“We spend too much of our time apologizing rather than celebrating,” he said. “And after we finish apologizing, we spend too much of our time looking for places to wallow in collective guilt or in collective mourning over something that’s happened.”
Walden says Baltimore still has a lot of cool left. And that the time apologizing could be used for dealing with city problems.
Joshua Harris (Green)
One of the city’s problems, according to Green Party candidate Joshua Harris, is a divided city.
“We know the tale of two cities; one that gets investment, one that gets resources and one that doesn’t,” he said. “One that’s been undervalued, ignored; the Baltimore that we saw in Spring 2015; the Baltimore that we see every day in East and West Baltimore.”
Harris says he wants to unite the city; first by leveling the field economically.
He’s proposing the city create its own bank to hold its money, rather than relying on commercial institutions. He brings up the state-operated Bank of North Dakota as an example.
“We can leverage and make the exact same investments that they do on Wall Street but every penny of interest earned – every dollar – comes back to the citizens of Baltimore and back into the city,” he said.
Harris says the interest could pay for more teachers, clean up lead problems in school water supplies and invest in transportation and sewers.
“We can say that we want another 20 percent of interest earned to go to directly towards road repairs and infrastructure cost,” he said, “so that our citizens can stop footing the burden of having to replace tires and axles on their cars so frequently because of the ridiculous amount of potholes we have in the city.”
Harris, who has worked as a legislative aide in Annapolis, says he would represent a clean slate for Baltimore. He’s not a Democrat and he’s not a Republican. But the possibility of pushing more progressive policies with a new city council and a state legislature long dominated by Democrats excites him.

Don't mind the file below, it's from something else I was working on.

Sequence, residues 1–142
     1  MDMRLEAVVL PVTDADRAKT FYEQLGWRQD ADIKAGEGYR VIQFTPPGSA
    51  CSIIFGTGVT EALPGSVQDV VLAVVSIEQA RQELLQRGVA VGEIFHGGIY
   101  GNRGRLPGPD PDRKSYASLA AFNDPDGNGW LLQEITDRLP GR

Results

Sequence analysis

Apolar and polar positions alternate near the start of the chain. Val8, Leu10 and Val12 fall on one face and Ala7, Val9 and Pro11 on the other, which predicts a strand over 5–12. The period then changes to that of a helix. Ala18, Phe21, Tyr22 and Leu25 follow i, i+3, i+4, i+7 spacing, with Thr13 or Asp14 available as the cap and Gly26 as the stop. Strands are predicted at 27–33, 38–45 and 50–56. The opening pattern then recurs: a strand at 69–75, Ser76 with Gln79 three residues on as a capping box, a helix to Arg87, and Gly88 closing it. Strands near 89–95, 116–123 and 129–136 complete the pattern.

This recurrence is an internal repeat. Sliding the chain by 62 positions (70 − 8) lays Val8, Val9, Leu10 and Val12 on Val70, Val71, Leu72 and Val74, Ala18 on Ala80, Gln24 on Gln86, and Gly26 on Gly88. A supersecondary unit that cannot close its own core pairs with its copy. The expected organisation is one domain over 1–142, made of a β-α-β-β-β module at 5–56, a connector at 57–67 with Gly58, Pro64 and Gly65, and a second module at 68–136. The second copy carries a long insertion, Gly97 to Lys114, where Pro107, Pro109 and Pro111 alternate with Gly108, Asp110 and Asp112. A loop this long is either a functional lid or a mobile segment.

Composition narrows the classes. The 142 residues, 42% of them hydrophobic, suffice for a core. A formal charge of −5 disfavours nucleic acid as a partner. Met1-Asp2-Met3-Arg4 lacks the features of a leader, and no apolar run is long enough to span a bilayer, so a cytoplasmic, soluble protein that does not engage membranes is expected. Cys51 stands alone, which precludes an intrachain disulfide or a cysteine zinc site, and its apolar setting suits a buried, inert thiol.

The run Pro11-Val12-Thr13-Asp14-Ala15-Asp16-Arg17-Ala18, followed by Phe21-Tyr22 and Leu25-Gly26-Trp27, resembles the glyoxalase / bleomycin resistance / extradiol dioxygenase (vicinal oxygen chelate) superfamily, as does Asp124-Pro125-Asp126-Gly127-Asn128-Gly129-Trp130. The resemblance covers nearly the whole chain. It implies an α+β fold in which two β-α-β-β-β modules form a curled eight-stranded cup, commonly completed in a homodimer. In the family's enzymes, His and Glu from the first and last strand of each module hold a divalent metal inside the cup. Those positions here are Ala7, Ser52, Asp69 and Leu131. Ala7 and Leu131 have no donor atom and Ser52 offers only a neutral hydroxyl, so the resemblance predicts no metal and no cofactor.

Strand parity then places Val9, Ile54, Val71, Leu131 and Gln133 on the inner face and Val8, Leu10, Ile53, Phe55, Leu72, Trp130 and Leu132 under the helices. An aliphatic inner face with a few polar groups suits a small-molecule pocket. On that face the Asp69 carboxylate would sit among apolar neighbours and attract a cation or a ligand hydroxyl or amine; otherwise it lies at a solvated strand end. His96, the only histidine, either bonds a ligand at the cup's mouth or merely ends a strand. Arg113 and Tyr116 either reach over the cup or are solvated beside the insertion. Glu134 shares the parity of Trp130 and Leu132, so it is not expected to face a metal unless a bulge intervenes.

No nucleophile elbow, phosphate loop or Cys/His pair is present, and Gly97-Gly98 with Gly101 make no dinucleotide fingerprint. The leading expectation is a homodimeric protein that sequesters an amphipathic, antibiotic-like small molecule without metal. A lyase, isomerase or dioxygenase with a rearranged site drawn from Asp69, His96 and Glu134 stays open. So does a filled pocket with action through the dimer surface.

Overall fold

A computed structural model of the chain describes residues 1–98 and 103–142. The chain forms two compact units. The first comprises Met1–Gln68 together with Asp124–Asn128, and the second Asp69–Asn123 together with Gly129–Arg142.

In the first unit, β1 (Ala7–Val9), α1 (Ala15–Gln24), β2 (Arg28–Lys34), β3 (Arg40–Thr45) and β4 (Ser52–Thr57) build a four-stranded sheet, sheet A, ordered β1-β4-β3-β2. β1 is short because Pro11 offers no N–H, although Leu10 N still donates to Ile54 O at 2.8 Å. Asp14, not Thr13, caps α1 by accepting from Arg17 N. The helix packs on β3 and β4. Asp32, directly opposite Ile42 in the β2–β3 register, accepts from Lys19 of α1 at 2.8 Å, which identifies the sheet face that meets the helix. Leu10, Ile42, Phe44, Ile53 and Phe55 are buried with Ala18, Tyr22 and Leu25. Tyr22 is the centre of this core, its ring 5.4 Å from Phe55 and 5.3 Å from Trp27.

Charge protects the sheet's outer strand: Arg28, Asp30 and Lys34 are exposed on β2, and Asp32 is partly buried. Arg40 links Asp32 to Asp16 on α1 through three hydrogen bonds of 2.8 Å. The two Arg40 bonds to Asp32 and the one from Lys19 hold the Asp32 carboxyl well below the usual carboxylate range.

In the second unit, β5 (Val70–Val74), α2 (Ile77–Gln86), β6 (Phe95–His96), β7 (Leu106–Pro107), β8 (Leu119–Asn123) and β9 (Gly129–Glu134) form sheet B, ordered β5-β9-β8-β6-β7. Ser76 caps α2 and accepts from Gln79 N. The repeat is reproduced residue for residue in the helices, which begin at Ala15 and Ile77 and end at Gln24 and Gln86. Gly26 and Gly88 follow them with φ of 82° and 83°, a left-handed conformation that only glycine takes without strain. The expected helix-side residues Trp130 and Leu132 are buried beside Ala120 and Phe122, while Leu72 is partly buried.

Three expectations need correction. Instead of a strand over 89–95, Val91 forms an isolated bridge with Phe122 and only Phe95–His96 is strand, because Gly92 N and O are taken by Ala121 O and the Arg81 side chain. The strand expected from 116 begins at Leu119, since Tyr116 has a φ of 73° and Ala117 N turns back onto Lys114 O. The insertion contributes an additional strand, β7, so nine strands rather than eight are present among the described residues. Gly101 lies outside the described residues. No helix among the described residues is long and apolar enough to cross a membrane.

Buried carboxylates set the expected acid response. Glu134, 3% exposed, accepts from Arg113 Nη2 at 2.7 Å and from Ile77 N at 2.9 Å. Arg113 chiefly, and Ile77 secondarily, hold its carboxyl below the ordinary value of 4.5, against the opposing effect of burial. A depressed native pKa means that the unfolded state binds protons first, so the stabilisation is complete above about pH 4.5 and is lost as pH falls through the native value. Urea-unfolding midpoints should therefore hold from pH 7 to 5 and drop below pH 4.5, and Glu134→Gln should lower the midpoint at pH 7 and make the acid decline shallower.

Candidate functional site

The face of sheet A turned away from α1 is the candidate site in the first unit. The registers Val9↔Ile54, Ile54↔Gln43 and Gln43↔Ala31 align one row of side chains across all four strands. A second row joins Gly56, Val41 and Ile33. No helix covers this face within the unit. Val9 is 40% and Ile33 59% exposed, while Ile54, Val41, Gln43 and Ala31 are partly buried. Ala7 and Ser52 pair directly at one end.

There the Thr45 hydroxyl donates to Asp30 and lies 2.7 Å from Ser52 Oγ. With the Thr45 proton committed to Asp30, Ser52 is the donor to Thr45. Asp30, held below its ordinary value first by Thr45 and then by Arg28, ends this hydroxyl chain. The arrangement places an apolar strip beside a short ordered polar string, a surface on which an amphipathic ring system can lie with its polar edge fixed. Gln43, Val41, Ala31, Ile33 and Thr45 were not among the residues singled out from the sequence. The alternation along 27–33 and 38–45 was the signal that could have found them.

“Maryland is in theory a progressive state and Baltimore is a progressive city,” he suggested. “And so, this isn’t a Democrat/Republican dynamic that we’re looking at. This is really a dynamic that will work in favor of putting forth progressive policy solutions, I believe.”
Not counting the odds
Harris, however, is not going along with the current mayor’s prediction that Senator Pugh will be the next mayor. He pointed to the last gubernatorial election as evidence.
“They declared the winner in 2014 as Anthony Brown., every poll, every media outlet. And, look, we have Governor Larry Hogan, don’t we?”
Alan Walden doesn’t think much of Rawlings-Blake’s better than even bet, either. He’s banking on his ideas and passion for Baltimore. He’s also counting on being active on the campaign trail.
“I show up. I talk to people. I shake hands. I talk to them one on one or in small groups or in larger groups,” Walden said.
The write-in: Sheila Dixon
The mayor’s race grew by one last week as former Mayor Sheila Dixon launched a write-in campaign.
At a news conference announcing her campaign, Dixon says her platform has not changed from the primary, when she lost to Pugh.
“My leadership ability, my qualifications; and my drive to be able to make change and to really address some of the issues that we are facing here in the city,” she said. “None of the other candidates can begin to start addressing that.”
While Dixon will have to get people to write her name in – correctly – on Election Day, Walden, Pugh and Harris will have their names printed on the ballot.